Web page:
Tory aide signals way forward on UK civil service reform

By on 02/01/2020 | Updated on 24/09/2020
Prime minister Boris Johnson and his most senior aide Dominic Cummings are planning wholesale changes to the civil service. (Image courtesy: Andrew Parsons, i-Images).

UK prime minister Boris Johnson’s inner circle has signalled its goals in civil service reform in an article by the architect of the party’s election-winning manifesto, Rachel Wolf, published by The Daily Telegraph on 1 January.

In it, Wolf says the focus of the reforms – which are being driven by Johnson’s special advisor and long-time Whitehall critic, Dominic Cummings – should be recruitment and training; discouraging officials from moving roles and departments regularly; and ensuring the civil service is public facing.

She also writes that she “wouldn’t be surprised if officials, and special advisers, were set exams” to prove their competence.  

Wolf – the co-writer of the Tory manifesto, former advisor to Johnson, and partner at lobby group Public First – also reinforces the message that the reforms, mooted to be implemented in the spring after the UK has left the EU, go much deeper than “machinery of government” changes.

She writes that civil servants are not ready for the “seismic” changes being planned by Number 10. Many officials “cannot believe” the PM and Cummings “mean business”, she says, and “as a result, they seem woefully unprepared for what is coming”.

Wolf’s column follows leaks to the press in December revealing that the government is planning to make wholesale changes to the civil service, including potentially replacing permanent secretaries with political appointees; making it easier to hire and fire civil servants; and shutting or merging several departments.

It was also reported that the government is considering creating a strong “office of the prime minister” to exert greater control over Whitehall, and encouraging the appointment of external experts into the civil service.

Recruiting officials with science degrees

In the Telegraph piece, Wolf writes that Downing Street wants to “run the most dynamic state in the world – one that gathers the brightest minds to deliver in new agencies focused on innovation, solving the productivity puzzle, and transforming swathes of the country”.

She dismisses suggestions that some of the changes would constitute politicisation of the civil service, adding that socialists would be welcome “in the right jobs”, as long as they can deliver.

In a section about recruitment and training, Wolf points out that just 17% of fast streamers – the “cream of civil servant entrants” – have science-related degrees.

“Humanities dominate and, once appointed, individuals are not expected to become quantitatively competent. So training is going to be taken more seriously,” she says. “Data science, systems thinking, and super-forecasting will be on the list.”  

Rising to “positions of incompetence”

Wolf adds that “any official who has spent more than 18 months in a post is seen to have stalled” and that this is because the civil service prioritises “transferable skills over knowledge”. This, she says, has “catastrophic effects”, killing expertise and allowing officials to escape from accountability, and ensuring civil servants rise to “positions of incompetence”.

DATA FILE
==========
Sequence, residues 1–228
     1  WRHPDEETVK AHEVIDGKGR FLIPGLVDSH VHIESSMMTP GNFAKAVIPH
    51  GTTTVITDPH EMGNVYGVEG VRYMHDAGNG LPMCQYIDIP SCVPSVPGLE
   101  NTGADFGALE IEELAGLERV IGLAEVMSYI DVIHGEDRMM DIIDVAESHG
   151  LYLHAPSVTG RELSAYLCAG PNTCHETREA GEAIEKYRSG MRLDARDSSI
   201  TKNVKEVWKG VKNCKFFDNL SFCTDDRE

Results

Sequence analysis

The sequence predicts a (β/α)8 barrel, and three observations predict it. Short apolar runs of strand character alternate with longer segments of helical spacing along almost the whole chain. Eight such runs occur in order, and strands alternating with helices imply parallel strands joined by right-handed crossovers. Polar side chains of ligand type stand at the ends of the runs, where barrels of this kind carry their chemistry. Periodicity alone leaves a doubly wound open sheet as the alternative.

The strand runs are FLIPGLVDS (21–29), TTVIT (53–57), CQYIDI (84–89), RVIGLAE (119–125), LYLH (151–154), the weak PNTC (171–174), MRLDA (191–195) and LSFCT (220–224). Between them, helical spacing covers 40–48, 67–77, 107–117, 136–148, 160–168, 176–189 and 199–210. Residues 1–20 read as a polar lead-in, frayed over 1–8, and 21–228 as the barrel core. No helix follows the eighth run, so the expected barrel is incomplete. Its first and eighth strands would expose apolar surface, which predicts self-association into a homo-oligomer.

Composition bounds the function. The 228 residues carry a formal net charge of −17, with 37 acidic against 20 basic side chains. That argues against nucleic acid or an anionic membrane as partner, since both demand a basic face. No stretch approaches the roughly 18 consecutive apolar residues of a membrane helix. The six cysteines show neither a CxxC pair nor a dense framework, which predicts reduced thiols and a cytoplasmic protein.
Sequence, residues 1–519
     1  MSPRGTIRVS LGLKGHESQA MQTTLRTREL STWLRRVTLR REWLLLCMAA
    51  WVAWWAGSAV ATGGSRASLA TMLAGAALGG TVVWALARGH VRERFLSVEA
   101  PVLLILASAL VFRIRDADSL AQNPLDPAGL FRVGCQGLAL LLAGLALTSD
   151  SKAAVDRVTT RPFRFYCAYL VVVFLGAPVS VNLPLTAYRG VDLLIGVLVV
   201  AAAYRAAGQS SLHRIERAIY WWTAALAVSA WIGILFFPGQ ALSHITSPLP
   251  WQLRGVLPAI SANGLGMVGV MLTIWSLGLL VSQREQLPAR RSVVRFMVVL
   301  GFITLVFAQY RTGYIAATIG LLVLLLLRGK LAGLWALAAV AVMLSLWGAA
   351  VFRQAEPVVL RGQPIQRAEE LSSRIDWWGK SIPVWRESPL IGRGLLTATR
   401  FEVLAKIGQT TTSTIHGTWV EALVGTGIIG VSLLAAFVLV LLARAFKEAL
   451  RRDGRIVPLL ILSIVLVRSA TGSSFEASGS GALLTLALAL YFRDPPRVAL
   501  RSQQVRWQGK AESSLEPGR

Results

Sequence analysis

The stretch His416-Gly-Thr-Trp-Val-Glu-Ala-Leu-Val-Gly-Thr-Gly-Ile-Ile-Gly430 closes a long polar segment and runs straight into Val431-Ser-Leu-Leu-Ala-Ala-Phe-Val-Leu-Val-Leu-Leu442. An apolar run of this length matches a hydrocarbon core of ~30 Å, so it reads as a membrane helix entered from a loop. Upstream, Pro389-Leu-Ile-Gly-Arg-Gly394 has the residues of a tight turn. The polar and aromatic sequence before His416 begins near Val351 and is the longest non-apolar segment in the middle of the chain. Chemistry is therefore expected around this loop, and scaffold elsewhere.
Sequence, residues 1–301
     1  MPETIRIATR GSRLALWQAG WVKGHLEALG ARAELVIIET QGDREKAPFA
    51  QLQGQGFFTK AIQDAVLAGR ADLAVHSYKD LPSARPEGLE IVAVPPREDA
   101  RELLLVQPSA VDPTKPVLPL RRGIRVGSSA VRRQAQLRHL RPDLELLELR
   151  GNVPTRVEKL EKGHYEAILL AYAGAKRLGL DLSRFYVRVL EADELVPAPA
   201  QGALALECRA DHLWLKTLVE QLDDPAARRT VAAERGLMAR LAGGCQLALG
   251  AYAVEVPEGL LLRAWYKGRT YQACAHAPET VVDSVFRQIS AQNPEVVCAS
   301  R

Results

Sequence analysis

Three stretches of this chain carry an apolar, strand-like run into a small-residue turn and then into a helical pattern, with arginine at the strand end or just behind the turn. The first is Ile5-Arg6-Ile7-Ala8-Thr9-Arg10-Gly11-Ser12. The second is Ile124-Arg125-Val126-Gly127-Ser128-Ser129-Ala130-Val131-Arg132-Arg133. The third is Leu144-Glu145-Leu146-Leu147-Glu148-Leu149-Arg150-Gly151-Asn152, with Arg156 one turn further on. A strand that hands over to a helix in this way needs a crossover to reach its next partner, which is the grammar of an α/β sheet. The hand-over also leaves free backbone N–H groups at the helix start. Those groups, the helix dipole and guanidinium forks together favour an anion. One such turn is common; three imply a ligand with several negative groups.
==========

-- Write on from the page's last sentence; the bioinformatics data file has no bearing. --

She says she would expect officials to be kept on projects where they know the background and to be rewarded and held accountable to a “much greater degree” than they are currently. This, she says, implies a rethink of pay and incentives.

Both past governments and the civil service have been aware of this issue for decades. The existing structure of the civil service is built around ensuring that senior civil servants have experience in a range of roles and departments – although there is acknowledgement that this creates tension between leadership skills and expertise in specific areas.    

In recent years, attempts have been made to encourage civil servants to stay in posts long enough to see projects through from start to finish. The government plans to implement a new SCS performance management system in 2021-22, which includes an increased focus on rewards for achieving key milestones. Cummings appears to want to take this further.

Wolf also writes in The Telegraph that departments are geared more towards stakeholders than to the electorate and that “too many officials see special interests as their customers”. Instead, the civil service should be reoriented towards the public. “A government that delivers for the people must always be thinking about the people,” she says.

“The government understands that in five years it won’t be judged on the way the civil service is designed but on whether it has delivered on its promises. Public sector reform is the route to getting there,” her piece in the Telegraph concludes.  

About Mia Hunt

Mia is a journalist and editor with a background in covering commercial property, having been market reports and supplements editor at trade title Property Week and deputy editor of Shopping Centre magazine, now known as Retail Destination. She has also undertaken freelance work for several publications including the preview magazine of international trade show, MAPIC, and TES Global (formerly the Times Educational Supplement) and has produced a white paper on energy efficiency in business for E.ON. Between 2014 and 2016, she was a member of the Revo Customer Experience Committee and an ACE Awards judge. Mia graduated from Kingston University with a first-class degree in journalism and was part of the team that produced The River newspaper, which won Publication of the Year at the Guardian Student Media Awards in 2010.

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